I thought the Stack’s-Bowers sale was going to be a better opportunity to buy in for a number of reasons. The sale was huge and I thought it was possible that some coins would fall through the cracks. There were a ton of fresh coins including many that had been off the market since the early to mid-1980′s. Most importantly, Stack’s-Bowers doesn’t have the retail bidding that Heritage has (yet) and I figured that I might not have to compete with end users on every last coin.
Prices in the Stack’s-Bowers sale ran the gamut. There were some good deals, some coins sold for the “right” price and a number of the really high end, really fresh coins brought a fortune. I do think that Stack’s-Bowers made a real statement to Heritage regarding their viability as a competitor. The auction business needs competition and two strong companies is better, in the long run, than just one.
I’ve been a big supporter of CAC since it began (disclosure notice: I am a shareholder in the company) and I noticed more collectors asking for CAC approved coins than I can remember. Amongst dealers, CAC still has a mixed reaction. Honestly, it seems to me that the dealers who are real connoisseurs sell CAC coins and the dealers who don’t have a good eye don’t bother. I have the feeling that after a dealer has sent fifty coins to CAC for stickering and had a 15% or lower success rate, he or she probably just gives up. It takes a really good eye to have a 50% or 75% success rate.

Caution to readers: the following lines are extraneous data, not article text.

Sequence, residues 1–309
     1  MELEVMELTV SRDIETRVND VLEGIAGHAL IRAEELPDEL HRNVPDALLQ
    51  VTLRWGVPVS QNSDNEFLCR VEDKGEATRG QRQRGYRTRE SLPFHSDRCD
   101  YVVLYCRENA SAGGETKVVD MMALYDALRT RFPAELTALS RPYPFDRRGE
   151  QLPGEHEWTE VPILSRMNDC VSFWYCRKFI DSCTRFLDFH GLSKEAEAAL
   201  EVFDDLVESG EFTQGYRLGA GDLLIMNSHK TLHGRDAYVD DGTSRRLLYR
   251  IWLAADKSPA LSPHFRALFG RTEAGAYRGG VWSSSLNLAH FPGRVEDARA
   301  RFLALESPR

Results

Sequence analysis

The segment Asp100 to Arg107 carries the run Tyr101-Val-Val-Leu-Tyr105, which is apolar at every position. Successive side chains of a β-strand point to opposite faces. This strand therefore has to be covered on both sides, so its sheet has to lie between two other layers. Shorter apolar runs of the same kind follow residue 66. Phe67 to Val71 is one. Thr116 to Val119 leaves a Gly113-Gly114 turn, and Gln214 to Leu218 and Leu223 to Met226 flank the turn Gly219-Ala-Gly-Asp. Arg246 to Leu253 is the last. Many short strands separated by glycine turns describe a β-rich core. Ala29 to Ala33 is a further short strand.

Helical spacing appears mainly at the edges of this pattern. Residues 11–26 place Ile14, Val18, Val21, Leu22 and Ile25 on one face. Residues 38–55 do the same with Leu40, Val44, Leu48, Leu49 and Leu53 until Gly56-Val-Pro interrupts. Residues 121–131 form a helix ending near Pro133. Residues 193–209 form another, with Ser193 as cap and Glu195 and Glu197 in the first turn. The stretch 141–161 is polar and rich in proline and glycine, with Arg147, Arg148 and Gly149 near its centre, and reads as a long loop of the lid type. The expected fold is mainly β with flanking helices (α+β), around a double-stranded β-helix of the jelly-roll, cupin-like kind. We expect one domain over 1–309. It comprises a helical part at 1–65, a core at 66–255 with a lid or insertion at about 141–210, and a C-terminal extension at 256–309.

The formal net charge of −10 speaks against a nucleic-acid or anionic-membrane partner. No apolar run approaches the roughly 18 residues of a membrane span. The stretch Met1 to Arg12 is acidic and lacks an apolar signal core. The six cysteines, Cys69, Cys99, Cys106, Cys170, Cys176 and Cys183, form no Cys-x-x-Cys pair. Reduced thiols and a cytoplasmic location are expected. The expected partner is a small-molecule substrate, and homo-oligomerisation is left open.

One thing that disappointed me about the show was the lack of interesting fresh material from the public that I was offered. Perhaps all the great gold coins went somewhere else but this wasn’t a show where I was able to buy Proof gold coins or cherry, original branch mint gold as I have in many of the past ANA events.
While I hated the fact that we were trapped in the suburbs for a week, Rosemont is clearly a good location given the fact that it is convenient to nearly every location (except Portland, of course…). It helped that the weather was gorgeous, and my hotel was lovely. However, I ate so often at Gibson’s across from the convention that I was on a first-name basis with the waiters by Thursday.
I finished the show with a nice event: the bi-annual meeting of the 20th century Gold Coin collector’s club. (Held, of course, at Gibson’s…) I generally don’t go for numismatic schmoozing but this is a great group of collectors and dealers and interacting with everyone there is a blast. The featured speaker was dealer Kevin Lipton who told his numismatic life-story, in progress, from the 1970′s to the present. Kevin is exactly the same age as I am and grew up in the same part of the country, so it was fun listening to him tell stories about shows on the east coast back in the day.
If we had a chance to get together at the ANA show, thanks. I saw so many people and had so many conversations that its all a blur at this point. A quick note: I have posted many new purchases from the show on my website and invite you to take a look at what I bought; they can be found at www.raregoldcoins.com.